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Another royal baby due in Britain, costs incurred on taxpayers

In this file photo taken on October 03, 2018 Britain's Prince Harry, Duke of Sussex (R) and Britain's Meghan, Duchess of Sussex (L) meet with young people on a visit to Joff Youth Centre in Peacehaven in East Sussex, southern England. (AFP photo)

The British royal family is to welcome another baby in the spring of 2019 amid reports that the birth would cost the taxpayers in Britain dearly.

The Kensington Palace said on Monday that Prince Harry’s wife, Meghan Markle, was pregnant and the couple were expecting their first child in the next year.

The British media reported that Markle, an American television presenter who married Harry just five months ago, was believed to be about 12 weeks pregnant.

Harry is the younger son of Prince Charles, the heir to British throne. He is 34 while Markle is 37. Their baby will be seventh in the line to the throne, currently held by Queen Elizabeth II. It is the Queen that will authorize the title of a prince or a princess for the baby.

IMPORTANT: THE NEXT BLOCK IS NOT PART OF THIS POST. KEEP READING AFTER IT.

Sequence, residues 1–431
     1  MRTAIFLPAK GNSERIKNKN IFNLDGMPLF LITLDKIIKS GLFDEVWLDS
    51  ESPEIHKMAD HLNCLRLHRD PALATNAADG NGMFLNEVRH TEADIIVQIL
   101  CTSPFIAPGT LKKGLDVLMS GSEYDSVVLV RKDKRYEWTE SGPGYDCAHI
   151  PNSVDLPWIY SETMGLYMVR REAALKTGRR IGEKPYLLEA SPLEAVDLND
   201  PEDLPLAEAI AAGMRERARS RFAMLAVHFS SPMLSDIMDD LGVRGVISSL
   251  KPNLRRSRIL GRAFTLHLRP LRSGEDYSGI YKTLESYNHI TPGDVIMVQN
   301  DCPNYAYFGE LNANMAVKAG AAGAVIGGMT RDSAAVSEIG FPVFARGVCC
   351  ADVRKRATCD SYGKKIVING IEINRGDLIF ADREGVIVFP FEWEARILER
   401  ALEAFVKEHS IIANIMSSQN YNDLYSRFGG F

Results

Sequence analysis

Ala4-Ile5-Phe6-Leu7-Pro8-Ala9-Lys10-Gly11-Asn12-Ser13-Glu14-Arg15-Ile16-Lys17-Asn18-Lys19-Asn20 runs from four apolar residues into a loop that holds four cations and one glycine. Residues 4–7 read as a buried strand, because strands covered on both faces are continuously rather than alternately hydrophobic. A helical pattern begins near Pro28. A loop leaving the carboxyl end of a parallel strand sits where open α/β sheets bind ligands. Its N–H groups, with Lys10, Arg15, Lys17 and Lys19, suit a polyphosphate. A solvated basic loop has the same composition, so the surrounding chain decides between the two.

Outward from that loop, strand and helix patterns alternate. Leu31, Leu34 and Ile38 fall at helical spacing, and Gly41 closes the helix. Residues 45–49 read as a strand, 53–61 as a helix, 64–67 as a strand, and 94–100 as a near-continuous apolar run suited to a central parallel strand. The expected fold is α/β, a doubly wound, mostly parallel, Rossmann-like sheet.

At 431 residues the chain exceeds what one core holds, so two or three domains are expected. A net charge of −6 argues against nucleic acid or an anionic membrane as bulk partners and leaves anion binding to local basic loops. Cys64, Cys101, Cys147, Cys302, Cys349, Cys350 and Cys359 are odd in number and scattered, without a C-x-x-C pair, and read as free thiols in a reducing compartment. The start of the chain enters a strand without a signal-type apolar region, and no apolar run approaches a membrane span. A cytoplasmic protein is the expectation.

“Their Royal Highnesses have appreciated all of the support they have received from people around the world since their wedding in May and are delighted to be able to share this happy news with the public,” said the Kensington Palace in a statement on Monday.

Harry and Markle landed in Australia’s Sydney on Monday for a 16-day tour that will take them to other countries in the region.

The news about the baby comes amid increasing dissatisfaction with the way the British royal family wastes the public money.

Reports said Markle’s pregnancy and eventual delivery will cost the taxpayers of England around two million American dollars.

There have been repeated attempts by anti-monarchy campaigners to stop the waste of money by the British royal family. Tens of thousands signed a petition before Harry and Markle's wedding in May, urging the government to prevent taxpayers’ money being used to fund the event.

The event reportedly cost nearly $50 million with reports suggesting most of it was funded by the taxpayers.

Taxpayers also paid for a recent royal wedding involving Princess Eugenie, the younger daughter of Prince Andrew, who is the Queen’s second son. Estimates suggested that the ceremony held at Windsor Castle last Friday reportedly cost six million British pounds.

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